Republicans want to change Wisconsin law to mandate that their feedback be heard on a state education accountability plan.
But so far, based on emails to the state education department, they have had little to say.
Only one Republican lawmaker responded to the Department of Public Instruction’s invitation from January to submit comments about the education plan, records obtained Thursday by The Associated Press show. The plan is required by federal law.
The lack of emails proves that outreach to lawmakers has been successful and that the bill is unnecessary, said state Superintendent Tony Evers.
“That’s one of the reasons we haven’t had much of a response,” Evers said.
The Republican-controlled state Assembly plans to vote Tuesday on a bill that would prohibit the education department from submitting its plan to the federal government without first responding to any objections filed by members of the Senate or Assembly education committees.
Democratic and Republican opponents alike argue the bill isn’t necessary because lawmakers have had ample opportunity to provide input. The lack of emails plays into their argument.
A January memo from the department to the Legislature’s education committees detailed all the outreach it was doing on the plan, including meeting with school districts, soliciting online feedback, holding public listening sessions, meeting with stakeholders, lawmakers and Gov. Scott Walker’s office and convening an advisory council comprising two Democrats and two Republicans.
The department will also be taking public comment for the next two months and from lawmakers and the governor for a third month before submitting the final version of the plan by Sept. 18.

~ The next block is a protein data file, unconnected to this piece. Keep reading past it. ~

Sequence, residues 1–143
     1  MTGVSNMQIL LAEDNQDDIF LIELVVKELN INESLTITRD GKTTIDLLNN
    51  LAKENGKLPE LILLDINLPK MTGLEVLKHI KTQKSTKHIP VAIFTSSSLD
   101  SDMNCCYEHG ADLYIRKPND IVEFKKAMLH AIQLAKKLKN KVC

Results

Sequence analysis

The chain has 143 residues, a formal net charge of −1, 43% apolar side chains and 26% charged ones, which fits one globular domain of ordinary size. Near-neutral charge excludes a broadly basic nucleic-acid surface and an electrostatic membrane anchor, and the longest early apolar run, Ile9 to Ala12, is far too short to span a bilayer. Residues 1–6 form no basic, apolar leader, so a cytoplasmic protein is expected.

Still, that’s not enough for backers of the GOP bill up for approval Tuesday.
Republican Rep. Ron Tusler, the bill’s sponsor, said a more formal process is needed to ensure any concerns raised by lawmakers are addressed.
“I think we have meaningful consultation we can offer,” he said at a hearing on the bill.
But Democratic Rep. Sondy Pope, who is on the advisory committee, called the bill “absurd” given the opportunities for feedback that already exist.
Tusler said he thinks it’s absurd the Legislature’s role isn’t formalized in state law.
“There’s nobody in this committee that has bad intentions and is trying to prevent this plan from being a success,” he said.
The measure has no Democratic backers and no co-sponsors from either party in the Senate. Sen. Luther Olsen, the Republican chairman of the Senate Education Committee, told AP he doesn’t think the bill is necessary because the department has gone out of its way to listen to lawmakers’ concerns and input.
Olsen said he won’t bring the bill up for a vote in his committee, meaning it likely will die in the Senate.